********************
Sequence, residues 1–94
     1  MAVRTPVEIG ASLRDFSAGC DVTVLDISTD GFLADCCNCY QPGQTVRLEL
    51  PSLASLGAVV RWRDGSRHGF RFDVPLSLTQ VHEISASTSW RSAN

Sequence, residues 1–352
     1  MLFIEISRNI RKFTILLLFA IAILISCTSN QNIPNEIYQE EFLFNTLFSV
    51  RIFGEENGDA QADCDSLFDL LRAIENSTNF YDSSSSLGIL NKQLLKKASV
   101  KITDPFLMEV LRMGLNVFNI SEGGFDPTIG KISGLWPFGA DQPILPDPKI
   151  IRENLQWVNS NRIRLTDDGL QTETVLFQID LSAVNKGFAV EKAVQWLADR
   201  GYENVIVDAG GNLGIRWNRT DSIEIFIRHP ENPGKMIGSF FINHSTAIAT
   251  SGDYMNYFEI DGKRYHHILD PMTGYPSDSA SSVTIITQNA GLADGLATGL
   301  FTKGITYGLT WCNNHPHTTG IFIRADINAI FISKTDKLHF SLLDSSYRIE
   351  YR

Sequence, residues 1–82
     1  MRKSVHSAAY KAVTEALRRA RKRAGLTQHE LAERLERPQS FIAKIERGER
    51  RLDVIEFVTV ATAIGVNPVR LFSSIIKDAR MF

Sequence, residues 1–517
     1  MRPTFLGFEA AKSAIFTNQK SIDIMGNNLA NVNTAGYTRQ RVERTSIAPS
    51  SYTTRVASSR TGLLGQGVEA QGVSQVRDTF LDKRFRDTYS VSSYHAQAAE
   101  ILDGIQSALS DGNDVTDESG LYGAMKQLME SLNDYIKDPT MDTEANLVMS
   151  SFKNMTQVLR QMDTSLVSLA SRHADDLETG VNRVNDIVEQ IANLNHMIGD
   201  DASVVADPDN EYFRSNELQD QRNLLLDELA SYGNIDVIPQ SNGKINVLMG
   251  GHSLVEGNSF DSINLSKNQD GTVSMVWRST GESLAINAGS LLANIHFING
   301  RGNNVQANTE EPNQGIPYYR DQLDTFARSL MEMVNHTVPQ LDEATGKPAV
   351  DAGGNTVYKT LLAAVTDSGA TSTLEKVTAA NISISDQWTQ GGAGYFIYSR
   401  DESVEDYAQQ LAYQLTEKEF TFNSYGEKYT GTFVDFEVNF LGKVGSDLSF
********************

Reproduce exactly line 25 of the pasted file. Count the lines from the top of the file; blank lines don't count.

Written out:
   401  DESVEDYAQQ LAYQLTEKEF TFNSYGEKYT GTFVDFEVNF LGKVGSDLSF